Search for alternatives to animal testing remains slow

By Guy Montague-Jones

- Last updated on GMT

With the EU ban on animal testing for cosmetic ingredients only a
year away, funding is increasing and research efforts are
intensifying but the development of reliable alternatives remains a
slow process.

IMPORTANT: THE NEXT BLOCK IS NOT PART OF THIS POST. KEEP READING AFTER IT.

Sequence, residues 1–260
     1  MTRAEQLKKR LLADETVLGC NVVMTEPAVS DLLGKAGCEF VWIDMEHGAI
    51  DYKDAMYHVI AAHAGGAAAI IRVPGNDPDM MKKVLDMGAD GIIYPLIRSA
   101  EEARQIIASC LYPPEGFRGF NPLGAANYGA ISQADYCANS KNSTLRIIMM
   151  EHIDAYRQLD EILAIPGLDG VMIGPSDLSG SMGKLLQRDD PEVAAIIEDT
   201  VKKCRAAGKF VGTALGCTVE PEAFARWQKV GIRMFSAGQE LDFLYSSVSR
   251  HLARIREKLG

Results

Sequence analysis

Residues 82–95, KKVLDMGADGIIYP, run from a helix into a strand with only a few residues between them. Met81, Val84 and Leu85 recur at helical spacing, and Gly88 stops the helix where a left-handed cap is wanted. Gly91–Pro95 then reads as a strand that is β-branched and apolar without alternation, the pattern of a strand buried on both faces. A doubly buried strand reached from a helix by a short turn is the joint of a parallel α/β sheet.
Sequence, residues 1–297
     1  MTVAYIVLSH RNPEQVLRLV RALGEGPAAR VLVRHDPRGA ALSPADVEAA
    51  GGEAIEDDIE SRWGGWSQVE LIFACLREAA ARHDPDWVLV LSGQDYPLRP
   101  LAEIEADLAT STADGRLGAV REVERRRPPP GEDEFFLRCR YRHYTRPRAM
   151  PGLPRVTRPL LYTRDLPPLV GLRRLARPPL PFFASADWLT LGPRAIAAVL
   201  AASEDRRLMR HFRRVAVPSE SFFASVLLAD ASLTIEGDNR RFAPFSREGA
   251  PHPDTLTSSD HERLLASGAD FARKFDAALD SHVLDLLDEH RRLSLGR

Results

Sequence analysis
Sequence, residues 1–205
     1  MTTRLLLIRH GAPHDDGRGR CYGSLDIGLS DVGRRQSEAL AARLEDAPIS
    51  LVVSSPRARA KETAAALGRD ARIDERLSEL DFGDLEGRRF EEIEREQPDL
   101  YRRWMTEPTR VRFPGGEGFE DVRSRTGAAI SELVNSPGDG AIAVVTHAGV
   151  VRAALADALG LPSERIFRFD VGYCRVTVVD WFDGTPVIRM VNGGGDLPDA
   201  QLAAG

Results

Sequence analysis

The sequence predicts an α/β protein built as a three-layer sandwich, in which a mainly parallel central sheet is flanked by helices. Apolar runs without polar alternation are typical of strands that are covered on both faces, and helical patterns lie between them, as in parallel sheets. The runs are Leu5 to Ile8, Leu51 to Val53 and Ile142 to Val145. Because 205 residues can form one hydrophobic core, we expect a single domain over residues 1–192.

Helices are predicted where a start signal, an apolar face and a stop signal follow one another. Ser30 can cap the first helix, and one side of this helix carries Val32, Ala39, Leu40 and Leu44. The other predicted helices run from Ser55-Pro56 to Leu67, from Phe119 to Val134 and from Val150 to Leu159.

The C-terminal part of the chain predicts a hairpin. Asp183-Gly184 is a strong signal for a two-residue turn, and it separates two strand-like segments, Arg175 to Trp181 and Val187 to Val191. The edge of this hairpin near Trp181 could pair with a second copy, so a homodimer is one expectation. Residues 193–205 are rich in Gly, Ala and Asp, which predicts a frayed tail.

Researchers at the Institute for Toxicology and Experimental Medicine (ITEM) in Germany are investigating alternatives to animal testing for allergens absorbed through the lungs. Working for the EU-funded Sens-it-iv project, which is charged with developing alternatives to animal testing, the scientists are currently using lung tissue from rodents rather than live animals to test the allergy risk of certain chemicals. The end goal of developing tests without animals remains distant as the process of understanding how chemicals interact with human tissue, developing testing alternatives for new chemicals and then validating them is both slow and complex. Scientists at ITEM are currently harvesting thin slices of lung tissue from rodents and then analysing how the tissue reacts to different chemicals. Observing the changes such as the protein molecules produced may allow the researchers to predict whether different chemicals could trigger allergic reactions. However, a detailed process of verification involving chemicals already known to provoke allergies is necessary before the method can be given the all clear. The impact of the research on safety testing of cosmetics is limited by the fact that even if the method proves successful animals are still used albeit in fewer numbers. Sens-it-iv coordinator Erwin Roggen said that while the testing method could not be employed for cosmetic ingredients in the EU after 2009, the know-how developed from the research will help in the development of alternatives. The progress made by the science community into alternatives to animal testing remains piecemeal as the 2009 deadline in the EU approaches. Chris Flower, the director general of Cosmetic Toiletry and Perfumery Association (CTPA) in the UK, told "Science is not ready to provide a comprehensive range of alternatives to animal testing in time for the ban. Science doesn't just follow political will." ​The head of the trade association said if the development of alternatives were easy the industry would have abandoned animal testing years ago. However, Flower said progress was being made at a faster pace than ever before with the safety assessment of potential skin irritants being an area where animal testing is now largely unnecessary. He said the cosmetics industry had no choice but to adapt to the 2009 ban and was currently getting the ball rolling with regards to investment. Research into the development of alternatives to animal testing has been chronically under-funded in the past providing too little opportunity or reward for talented academics willing to work in the field, added the industry representative. Nonetheless, EU Science and Research Commissioner Janez Potocnik recently criticized industry and academia for failing to commit sufficient resources to finding alternatives to animal testing. He also called for greater recognition of alternative testing as an academic discipline, noting that in the EU only four professorships exist in the domain.

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